One table featured software moguls, including Bill Gates and

One table featured software moguls, including Bill Gates and Mitch Kapor.

Another had old friends such as Elizabeth Holmes, who brought as her date

a woman dressed in a tuxedo. Andy Hertzfeld and Burrell Smith had rented

 

tuxes and wore floppy tennis shoes, which made it all the more memorable

when they danced to the Strauss waltzes played by the San Francisco

Symphony Orchestra.

 

Ella Fitzgerald provided the entertainment, as Bob Dylan had declined. She sang

mainly from her standard repertoire, though occasionally tailoring a song like

“The Girl from Ipanema” to be about the boy from Cupertino. When she asked

for some requests, Jobs called out a few. She concluded with

a slow rendition of “Happy Birthday.”

Sculley came to the stage to propose a toast to “technology’s foremost visionary.”

Wozniak also came up and presented Jobs with a framed copy of the Zaltair hoax

from the 1977 West Coast Computer Faire, where the Apple II had been introduced.

The venture capitalist Don Valentine marveled at the change in the decade since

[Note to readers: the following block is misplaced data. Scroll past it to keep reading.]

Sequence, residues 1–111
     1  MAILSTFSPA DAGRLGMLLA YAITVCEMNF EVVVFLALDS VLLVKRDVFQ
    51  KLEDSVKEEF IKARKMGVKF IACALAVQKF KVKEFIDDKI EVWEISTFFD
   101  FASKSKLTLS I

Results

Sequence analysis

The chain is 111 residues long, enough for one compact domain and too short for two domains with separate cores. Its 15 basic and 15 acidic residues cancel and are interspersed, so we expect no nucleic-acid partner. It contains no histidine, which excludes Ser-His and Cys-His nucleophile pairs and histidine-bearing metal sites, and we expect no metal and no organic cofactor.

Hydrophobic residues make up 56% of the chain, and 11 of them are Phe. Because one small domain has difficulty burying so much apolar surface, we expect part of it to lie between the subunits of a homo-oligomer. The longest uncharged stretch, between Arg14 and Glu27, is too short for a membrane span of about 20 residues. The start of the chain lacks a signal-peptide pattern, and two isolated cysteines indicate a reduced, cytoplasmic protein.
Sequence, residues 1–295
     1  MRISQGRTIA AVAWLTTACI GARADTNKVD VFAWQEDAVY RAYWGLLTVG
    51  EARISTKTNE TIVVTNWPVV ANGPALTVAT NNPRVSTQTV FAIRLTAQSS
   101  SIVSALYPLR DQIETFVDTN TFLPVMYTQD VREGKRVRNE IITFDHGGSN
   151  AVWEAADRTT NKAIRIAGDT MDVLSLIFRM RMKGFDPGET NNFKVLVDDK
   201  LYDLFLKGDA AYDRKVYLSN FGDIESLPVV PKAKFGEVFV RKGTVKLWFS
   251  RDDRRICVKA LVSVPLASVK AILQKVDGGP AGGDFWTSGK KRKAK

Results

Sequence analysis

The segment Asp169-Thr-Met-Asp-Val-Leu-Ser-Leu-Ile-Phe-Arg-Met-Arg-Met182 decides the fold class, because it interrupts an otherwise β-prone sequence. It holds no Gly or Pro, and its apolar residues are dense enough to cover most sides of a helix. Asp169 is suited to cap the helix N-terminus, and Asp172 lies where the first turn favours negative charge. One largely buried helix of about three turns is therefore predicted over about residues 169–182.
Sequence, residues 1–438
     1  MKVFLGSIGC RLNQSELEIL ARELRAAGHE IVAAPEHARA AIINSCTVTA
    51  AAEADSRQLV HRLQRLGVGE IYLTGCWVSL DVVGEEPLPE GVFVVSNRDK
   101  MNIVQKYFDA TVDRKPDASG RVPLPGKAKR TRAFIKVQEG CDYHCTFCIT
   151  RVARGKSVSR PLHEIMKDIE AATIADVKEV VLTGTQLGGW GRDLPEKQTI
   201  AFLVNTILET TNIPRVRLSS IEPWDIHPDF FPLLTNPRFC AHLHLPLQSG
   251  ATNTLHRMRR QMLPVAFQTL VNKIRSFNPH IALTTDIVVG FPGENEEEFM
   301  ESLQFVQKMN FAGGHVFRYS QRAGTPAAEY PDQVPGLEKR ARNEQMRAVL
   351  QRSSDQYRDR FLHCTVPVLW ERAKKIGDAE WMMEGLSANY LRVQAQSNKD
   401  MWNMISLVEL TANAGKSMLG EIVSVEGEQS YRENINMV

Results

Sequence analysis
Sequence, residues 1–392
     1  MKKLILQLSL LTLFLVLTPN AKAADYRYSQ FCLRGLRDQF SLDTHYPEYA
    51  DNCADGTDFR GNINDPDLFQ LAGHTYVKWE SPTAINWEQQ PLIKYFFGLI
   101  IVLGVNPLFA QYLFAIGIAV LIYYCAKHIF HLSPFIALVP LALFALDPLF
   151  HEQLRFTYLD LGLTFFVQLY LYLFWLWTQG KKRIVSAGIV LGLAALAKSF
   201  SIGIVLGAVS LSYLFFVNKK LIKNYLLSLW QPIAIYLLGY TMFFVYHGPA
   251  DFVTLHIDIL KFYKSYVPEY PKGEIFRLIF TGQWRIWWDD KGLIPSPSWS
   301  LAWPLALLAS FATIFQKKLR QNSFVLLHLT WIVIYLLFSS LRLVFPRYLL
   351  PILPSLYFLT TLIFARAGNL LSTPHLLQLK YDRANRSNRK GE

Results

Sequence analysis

that time. “He went from being a Ho Chi Minh look-alike, who said never trust

anyone over thirty, to a person who gives himself a fabulous thirtieth

birthday with Ella Fitzgerald,” he said.

Many people had picked out special gifts for a person w

ho was not easy to shop for.

Debi Coleman, for example, found a first edition of F. Scott Fitzgerald’s The Last

Tycoon. But Jobs, in an act that was odd yet not out of character, left all of the

gifts in a hotel room. Wozniak and some of the Apple veterans, who did not take

to the goat cheese and salmon mousse that was served, met after

the party and went out to eat at a Denny’s.

“It’s rare that you see an artist in his 30s or 40s able to really contribute something

amazing,” Jobs said wistfully to the writer David Sheff, who published a long and

intimate interview in Playboy the month he turned thirty. “Of course, there are

some people who are innately curious, forever little kids in their

awe of life, but they’re rare.” The interview touched on

 

many subjects, but Jobs’s

most poignant ruminations

were about growing old

and facing the future:

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